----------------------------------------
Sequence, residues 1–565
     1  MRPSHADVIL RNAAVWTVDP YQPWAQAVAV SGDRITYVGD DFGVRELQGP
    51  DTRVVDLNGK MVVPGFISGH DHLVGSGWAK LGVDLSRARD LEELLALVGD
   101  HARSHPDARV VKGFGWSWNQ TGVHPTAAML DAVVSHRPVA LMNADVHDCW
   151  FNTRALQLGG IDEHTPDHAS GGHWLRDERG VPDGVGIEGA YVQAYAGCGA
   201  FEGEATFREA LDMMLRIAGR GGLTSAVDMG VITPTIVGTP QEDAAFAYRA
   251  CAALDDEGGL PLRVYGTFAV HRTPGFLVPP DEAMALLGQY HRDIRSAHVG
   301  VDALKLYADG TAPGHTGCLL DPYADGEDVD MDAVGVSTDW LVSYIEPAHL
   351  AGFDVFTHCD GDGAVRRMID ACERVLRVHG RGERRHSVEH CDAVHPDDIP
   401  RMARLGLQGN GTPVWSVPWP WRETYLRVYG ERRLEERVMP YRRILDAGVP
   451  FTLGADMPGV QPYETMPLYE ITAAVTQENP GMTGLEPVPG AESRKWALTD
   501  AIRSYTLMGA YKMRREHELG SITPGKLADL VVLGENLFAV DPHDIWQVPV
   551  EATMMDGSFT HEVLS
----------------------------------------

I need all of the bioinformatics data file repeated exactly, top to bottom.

Sequence, residues 1–565
     1  MRPSHADVIL RNAAVWTVDP YQPWAQAVAV SGDRITYVGD DFGVRELQGP
    51  DTRVVDLNGK MVVPGFISGH DHLVGSGWAK LGVDLSRARD LEELLALVGD
   101  HARSHPDARV VKGFGWSWNQ TGVHPTAAML DAVVSHRPVA LMNADVHDCW
   151  FNTRALQLGG IDEHTPDHAS GGHWLRDERG VPDGVGIEGA YVQAYAGCGA
   201  FEGEATFREA LDMMLRIAGR GGLTSAVDMG VITPTIVGTP QEDAAFAYRA
   251  CAALDDEGGL PLRVYGTFAV HRTPGFLVPP DEAMALLGQY HRDIRSAHVG
   301  VDALKLYADG TAPGHTGCLL DPYADGEDVD MDAVGVSTDW LVSYIEPAHL
   351  AGFDVFTHCD GDGAVRRMID ACERVLRVHG RGERRHSVEH CDAVHPDDIP
   401  RMARLGLQGN GTPVWSVPWP WRETYLRVYG ERRLEERVMP YRRILDAGVP
   451  FTLGADMPGV QPYETMPLYE ITAAVTQENP GMTGLEPVPG AESRKWALTD
   501  AIRSYTLMGA YKMRREHELG SITPGKLADL VVLGENLFAV DPHDIWQVPV
   551  EATMMDGSFT HEVLS